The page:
I am a physics grad student and several of my professors have stated that they are against the idea of posting answer keys (i.e., worked solutions) for homework and/or tests (after the assignment has been completed by the student, of course). Their argument is that having an "answer cheat sheet" discourages the student from thinking critically about the problem and presents the opportunity for students to feel like they understand how to solve a problem without actually going through the rigor themselves. In fact, the entire department apparently takes the same stance with regards to posting past qualifying exams online: they post the past exams to use for studying, but not answer keys.

My question: Does any published education research (specifically for the math/physics fields) examine the pedagogical benefits and downsides of posting answer keys/worked solutions for students? I tried searching for this online, but had little success finding anything. If anyone could point me toward legitimate research on this topic, I'd appreciate it.

I should add that I was a high school physics teacher for two years, and within that arena it seemed unanimously accepted that making solutions and answer keys available was the right educational strategy. Hence my skepticism of my professors'/department's rationale. But I'm willing to see what the research says!

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    $\begingroup$ I think (?) it may be more productive to set the hypothesis "Posting answers is good" and look for positive evidence supporting that. In some sense the opposing practice (following the null hypothesis) doesn't need answer keys to be bad; a merely neutral effect would support their position as well. $\endgroup$ Commented Mar 8, 2018 at 3:48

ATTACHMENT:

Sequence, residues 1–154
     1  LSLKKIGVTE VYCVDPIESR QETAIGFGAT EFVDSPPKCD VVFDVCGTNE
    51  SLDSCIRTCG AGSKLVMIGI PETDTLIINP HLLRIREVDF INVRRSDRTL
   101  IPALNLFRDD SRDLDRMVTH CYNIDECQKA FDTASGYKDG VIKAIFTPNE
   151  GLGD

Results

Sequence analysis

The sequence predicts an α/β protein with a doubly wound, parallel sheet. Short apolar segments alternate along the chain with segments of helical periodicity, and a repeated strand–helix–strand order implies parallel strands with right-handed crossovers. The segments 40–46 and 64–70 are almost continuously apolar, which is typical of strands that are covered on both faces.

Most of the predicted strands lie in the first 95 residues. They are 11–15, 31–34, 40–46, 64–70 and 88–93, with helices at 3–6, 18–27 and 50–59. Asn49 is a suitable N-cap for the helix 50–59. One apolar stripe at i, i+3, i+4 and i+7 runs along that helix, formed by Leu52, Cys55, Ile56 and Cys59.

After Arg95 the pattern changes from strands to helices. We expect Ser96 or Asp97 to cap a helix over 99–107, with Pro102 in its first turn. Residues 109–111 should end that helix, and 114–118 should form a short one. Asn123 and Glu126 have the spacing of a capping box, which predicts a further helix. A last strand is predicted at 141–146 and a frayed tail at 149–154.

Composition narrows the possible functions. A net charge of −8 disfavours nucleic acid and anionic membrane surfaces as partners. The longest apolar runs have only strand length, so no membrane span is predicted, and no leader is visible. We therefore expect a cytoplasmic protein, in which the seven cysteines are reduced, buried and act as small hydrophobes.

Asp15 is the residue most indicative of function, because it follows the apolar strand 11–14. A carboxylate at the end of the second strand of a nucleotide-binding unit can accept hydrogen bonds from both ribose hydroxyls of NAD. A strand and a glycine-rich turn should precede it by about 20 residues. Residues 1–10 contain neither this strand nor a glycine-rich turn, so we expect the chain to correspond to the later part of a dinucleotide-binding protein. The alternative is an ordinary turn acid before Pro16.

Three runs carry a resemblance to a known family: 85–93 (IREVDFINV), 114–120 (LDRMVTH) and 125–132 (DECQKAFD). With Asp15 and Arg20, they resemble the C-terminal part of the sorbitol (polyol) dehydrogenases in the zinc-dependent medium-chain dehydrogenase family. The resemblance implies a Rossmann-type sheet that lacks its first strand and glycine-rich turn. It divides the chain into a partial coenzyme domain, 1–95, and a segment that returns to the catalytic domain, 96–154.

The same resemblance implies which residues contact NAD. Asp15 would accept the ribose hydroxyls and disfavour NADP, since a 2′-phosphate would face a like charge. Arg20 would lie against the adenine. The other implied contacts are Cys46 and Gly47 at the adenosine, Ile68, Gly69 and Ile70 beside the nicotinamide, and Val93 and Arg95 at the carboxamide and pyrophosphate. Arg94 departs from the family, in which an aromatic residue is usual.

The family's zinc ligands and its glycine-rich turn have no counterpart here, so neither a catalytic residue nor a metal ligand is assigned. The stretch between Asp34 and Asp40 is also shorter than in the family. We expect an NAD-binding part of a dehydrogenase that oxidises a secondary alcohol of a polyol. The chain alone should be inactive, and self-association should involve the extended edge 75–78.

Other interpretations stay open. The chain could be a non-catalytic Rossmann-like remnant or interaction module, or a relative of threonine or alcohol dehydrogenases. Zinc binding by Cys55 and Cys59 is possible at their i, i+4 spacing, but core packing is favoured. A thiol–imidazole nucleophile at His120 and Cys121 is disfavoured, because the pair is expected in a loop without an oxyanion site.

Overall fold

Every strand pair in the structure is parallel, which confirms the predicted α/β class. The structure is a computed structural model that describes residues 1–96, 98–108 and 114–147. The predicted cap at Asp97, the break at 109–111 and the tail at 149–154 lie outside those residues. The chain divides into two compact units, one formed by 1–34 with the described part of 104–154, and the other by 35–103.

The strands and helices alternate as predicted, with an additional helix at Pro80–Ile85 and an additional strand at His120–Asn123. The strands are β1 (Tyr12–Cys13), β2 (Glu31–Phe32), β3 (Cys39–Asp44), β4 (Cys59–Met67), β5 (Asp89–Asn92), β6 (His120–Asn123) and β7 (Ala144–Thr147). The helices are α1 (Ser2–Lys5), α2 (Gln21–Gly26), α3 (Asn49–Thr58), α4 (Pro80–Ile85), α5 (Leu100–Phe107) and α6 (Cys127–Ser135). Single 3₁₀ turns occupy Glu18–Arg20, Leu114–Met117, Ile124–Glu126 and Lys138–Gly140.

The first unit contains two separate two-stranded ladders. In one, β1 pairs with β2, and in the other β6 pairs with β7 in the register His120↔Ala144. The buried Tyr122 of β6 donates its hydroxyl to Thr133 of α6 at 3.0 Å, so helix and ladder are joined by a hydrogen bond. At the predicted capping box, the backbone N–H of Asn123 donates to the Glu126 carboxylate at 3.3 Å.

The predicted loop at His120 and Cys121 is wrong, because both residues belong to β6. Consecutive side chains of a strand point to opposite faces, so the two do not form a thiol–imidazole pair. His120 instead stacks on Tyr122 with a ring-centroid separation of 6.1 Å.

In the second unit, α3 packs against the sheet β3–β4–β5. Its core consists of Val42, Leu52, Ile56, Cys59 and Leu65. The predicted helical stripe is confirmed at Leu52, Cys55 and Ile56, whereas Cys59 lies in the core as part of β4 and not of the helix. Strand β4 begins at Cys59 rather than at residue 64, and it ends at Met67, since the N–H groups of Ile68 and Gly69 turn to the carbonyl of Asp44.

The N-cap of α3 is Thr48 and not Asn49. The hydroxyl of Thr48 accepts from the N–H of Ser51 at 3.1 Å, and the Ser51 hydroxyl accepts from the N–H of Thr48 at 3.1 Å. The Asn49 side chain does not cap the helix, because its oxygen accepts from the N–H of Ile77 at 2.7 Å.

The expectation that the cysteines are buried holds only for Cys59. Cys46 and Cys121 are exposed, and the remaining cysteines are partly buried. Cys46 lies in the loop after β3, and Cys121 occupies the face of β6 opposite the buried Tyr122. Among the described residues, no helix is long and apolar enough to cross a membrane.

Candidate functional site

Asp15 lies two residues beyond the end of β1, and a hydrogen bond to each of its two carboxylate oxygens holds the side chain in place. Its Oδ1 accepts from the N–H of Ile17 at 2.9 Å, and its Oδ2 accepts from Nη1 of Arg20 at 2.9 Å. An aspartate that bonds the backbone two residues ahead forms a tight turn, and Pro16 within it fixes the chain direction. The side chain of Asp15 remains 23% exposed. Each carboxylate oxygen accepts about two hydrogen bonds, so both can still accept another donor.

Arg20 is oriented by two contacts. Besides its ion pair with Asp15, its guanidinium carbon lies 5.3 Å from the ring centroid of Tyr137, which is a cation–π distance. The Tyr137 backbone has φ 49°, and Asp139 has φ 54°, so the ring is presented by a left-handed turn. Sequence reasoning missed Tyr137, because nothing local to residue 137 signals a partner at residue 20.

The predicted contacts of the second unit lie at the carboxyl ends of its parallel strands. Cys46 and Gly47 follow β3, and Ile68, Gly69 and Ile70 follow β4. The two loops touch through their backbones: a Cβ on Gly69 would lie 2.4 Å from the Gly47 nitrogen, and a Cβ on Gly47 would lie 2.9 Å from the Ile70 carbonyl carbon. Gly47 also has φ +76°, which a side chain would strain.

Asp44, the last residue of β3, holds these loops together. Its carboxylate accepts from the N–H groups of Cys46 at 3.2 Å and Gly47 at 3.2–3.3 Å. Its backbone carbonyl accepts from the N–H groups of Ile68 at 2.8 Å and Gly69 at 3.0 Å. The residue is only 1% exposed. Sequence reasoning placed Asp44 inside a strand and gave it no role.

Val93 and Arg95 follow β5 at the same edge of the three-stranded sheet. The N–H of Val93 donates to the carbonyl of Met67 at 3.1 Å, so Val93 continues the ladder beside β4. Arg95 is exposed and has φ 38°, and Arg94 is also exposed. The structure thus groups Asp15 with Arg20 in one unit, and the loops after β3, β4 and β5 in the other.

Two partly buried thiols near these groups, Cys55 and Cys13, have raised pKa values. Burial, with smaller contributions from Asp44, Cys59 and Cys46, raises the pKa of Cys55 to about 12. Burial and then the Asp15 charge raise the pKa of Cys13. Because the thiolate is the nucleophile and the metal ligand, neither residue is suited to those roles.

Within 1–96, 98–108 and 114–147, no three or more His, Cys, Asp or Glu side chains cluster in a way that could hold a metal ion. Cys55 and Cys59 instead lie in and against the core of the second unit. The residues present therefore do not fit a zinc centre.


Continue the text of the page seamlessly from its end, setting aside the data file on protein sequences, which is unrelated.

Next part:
• $\begingroup$ Just for clarification: Do you get the solutions for homework questions somewhere (i.e., during tutorials or office hours, but not published on the lecture web page), or don't you get them at all? $\endgroup$
    – Uwe
    Commented Mar 8, 2018 at 15:45
  • $\begingroup$ We can contact most professors personally regarding questions, via email/office hours/after class, and they'll talk us through things; it isn't a "you shouldn't have any help figuring out the answer" stance. It's more of a "you should have to go to the trouble of discussing the answer, then solve it for yourself" idea. $\endgroup$
    – WillG
    Commented Mar 9, 2018 at 5:44
  • $\begingroup$ There is a third alternative, besides giving or not giving solutions, which is to have students work the problems in the presence of an instructor, who can aid/guide/answer as he/she finds appropriate. $\endgroup$
    – Dan Fox
    Commented Mar 10, 2018 at 9:51

3 Answers 3


In the paper Research on teaching and learning Mathematics at the Tertiary level, by Biza, Victor-Giraldo, Hochmuth, Khakbaz, Rasmussen, recently published by Springer (ICME 13 Topical Surveys) you find at least some evidence supporting your professors' attitude. It is said there, in fact, that analyzing the way students use mathbooks, and in particular exercises, it was found that the large majority would use solved problems to look for procedures that could be line by line transported to the problem they were working on; which is exactly the opposite of thinking about the problem.